The command line option
--batchmode means that SpiderOak will do all available work (scan the filesystem, then build and upload everything in the queue, download and replay transactions from other devices), and then exit. This is a good option for scheduled use. You can add this to a cron job, or just run it yourself periodically whenever you want to update your backup set.
SpiderOak is also careful not to start more than one instance of itself at a time. For example, if you schedule SpiderOak to run in --batchmode each night, and for the first few days, SpiderOak has so much to upload that it does not finish before the next scheduled startup time, you don’t need to worry about coming back to find several instances running.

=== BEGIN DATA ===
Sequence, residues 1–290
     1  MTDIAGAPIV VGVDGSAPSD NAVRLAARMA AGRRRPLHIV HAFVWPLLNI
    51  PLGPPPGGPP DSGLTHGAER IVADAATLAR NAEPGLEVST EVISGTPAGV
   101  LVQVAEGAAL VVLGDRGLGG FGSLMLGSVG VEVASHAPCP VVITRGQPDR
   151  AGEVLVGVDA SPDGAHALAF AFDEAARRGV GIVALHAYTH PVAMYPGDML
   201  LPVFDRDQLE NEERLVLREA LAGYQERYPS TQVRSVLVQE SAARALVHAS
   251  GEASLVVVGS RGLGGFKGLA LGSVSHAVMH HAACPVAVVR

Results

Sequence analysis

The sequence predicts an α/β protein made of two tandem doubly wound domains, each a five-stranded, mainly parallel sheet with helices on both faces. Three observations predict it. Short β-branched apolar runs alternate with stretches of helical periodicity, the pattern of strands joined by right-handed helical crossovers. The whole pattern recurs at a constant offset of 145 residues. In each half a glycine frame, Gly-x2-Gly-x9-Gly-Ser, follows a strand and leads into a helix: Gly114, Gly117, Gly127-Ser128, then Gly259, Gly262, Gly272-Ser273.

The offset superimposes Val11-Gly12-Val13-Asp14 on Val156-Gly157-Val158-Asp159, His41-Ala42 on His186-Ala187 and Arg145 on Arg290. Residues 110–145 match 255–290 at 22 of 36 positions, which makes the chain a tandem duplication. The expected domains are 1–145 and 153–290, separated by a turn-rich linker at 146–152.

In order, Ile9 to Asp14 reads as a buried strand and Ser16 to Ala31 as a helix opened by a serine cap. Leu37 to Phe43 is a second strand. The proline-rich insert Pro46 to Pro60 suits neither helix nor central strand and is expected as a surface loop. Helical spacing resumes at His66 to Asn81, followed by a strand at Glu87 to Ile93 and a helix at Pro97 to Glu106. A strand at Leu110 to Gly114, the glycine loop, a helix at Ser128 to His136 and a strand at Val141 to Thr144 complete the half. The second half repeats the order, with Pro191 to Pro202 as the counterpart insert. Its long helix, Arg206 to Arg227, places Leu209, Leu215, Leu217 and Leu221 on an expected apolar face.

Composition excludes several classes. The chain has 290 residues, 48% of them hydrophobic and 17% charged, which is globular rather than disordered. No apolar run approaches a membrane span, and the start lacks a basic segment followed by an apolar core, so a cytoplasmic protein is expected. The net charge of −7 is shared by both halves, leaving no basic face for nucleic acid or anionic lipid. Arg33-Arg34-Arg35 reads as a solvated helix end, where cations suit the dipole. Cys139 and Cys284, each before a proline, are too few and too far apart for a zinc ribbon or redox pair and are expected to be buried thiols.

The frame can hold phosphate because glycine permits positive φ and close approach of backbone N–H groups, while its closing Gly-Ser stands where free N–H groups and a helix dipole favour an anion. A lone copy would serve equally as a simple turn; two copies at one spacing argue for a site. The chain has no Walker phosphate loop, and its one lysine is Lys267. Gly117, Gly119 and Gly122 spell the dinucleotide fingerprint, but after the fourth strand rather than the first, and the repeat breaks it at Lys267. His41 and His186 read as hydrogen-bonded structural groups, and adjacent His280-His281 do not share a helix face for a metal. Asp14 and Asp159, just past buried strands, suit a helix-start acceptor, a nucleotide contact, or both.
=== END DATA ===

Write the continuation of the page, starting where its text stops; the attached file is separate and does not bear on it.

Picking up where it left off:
Before running --batchmode, you'll want to run SpiderOak with the --build command to scan for and build all possible transactions, and then --batchmode to upload all work generated by the build command. (Don't worry; --build exits without creating further changes, so you won't have runaway processes.)
A similar option is --headless; see the article "--headless and --batchmode compared" for more information.